“Society should be considering therapy for rapists, not just jail time,” a Senior Researcher in brain and behaviour based at Stellenbosch University, South Africa, Dr LihleQulu has said.
According to Dr Qulu, findings have shown that imprisoned rapists underwent some form of ordeals in their childhood which subsequently affected their behaviour in their adult stage.
She made this known when she delivered a lecture at the just ended conference for the Society of Neuroscientists of Africa (SONA) which was held from 27th to 30th October in Accra.
Meanwhile, Dr Qulu was the recipient of the James Kimani Award, an award given to young researchers who came up with remarkable research.
She worked on the neuroscience of sexual violence by basically bringing to fore the science about sexual violence.
For her part, Prof. Tracy Bale, president of the International Brain Research Organisation (IBRO) highlightedthat there was the need for neuroscience to be elevated in Africa.
Prof. Bale stated that research on brain science was an interesting and imperative area that needed to be projected in a way that caught the attention of all.
“There’s such quality research being done on the continent that the rest of the world needs to hear about,” she said.
Furthermore, she pledged the unflinching support of her outfit to finance research and capacity-building initiatives in the country and across Africa.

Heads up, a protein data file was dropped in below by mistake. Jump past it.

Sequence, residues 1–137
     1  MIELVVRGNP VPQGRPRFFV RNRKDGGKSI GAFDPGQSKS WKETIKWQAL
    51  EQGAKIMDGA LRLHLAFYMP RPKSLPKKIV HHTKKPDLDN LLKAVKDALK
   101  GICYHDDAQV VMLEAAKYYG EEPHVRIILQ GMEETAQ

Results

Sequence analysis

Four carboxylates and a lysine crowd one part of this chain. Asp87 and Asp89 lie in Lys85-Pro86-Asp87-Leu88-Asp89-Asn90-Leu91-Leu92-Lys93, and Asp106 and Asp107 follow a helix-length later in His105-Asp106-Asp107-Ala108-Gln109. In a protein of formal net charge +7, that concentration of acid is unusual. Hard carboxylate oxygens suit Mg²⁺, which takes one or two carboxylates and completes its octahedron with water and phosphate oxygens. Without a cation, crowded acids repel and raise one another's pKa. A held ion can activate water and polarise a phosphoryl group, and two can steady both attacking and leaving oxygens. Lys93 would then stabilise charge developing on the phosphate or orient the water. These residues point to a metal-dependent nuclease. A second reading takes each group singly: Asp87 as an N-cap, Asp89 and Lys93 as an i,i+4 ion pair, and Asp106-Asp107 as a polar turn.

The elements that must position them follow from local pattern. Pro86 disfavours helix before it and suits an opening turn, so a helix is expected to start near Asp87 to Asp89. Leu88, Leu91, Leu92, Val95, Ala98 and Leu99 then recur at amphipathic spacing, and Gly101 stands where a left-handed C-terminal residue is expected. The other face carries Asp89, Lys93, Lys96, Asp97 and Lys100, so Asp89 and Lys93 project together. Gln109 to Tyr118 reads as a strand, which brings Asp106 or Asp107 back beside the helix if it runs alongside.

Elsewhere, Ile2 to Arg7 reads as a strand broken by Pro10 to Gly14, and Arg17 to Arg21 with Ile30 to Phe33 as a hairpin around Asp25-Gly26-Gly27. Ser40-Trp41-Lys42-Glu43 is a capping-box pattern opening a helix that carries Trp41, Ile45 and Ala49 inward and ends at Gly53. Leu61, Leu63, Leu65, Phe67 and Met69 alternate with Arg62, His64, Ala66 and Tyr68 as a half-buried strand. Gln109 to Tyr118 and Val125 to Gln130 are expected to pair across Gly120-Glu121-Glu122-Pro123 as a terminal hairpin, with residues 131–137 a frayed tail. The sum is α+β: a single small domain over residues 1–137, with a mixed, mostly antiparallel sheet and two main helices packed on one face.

The Nigerian High Commissioner to Ghana, Gambo Yusuf Hamza, emphasised the need for such gatherings in order to promote regional collaboration and integration.
This, Mr Hamza said, was because the role researchers played was pivotal in providing evidence that could inform policy.
Expressing his pleasure in the opportunity presented for young people to interact and garner more insights from senior researchers in neuroscience, Dr Patrick Amoateng, president of the Ghana Neuroscience Society, Ghana, was also excited Ghana hosted the15thbiennial global conference.
“Bringing the international neuroscience community to Ghana was very important for networking and community building,” he said.
“It also gave our students to share their work on a platform that they would otherwise not be exposed to,” he added.
Dr Robert Peter Binney, Co-Chair of the local organising committee for SONA 2021, reiterated that the bid to host the conference in the country wasto stimulate interest in brain science and added that people needed to pay attention to neurological diseases as they were on the rise in recent times.
“Ghana made a bid to host it in Ghana in 2021 and this was because we wanted to stimulate and promote the interest for neuroscience in the country,” he said.
“So we are trying to bring attention to that issue that you have to pay attention to neurological diseases and especially how we in Africa are impacted,” he added.
Over the four-day conference, many researchers shared significant insights on their findings in studies which included investigations into the effect of radiofrequency exposure by Dr Joshua Owolabi; evidence supporting the use of specific herbal extracts to treat epilepsy by Ms Paulina Antwi and work being done to translate research findings from English to other indigenous languages by Dr SibusisoBiyela.
The conference which would be held in Johannesburg, South Africa in 2023 is held every 2 years to showcase research done by Africans all over the world.
BY ABIGAIL ARTHUR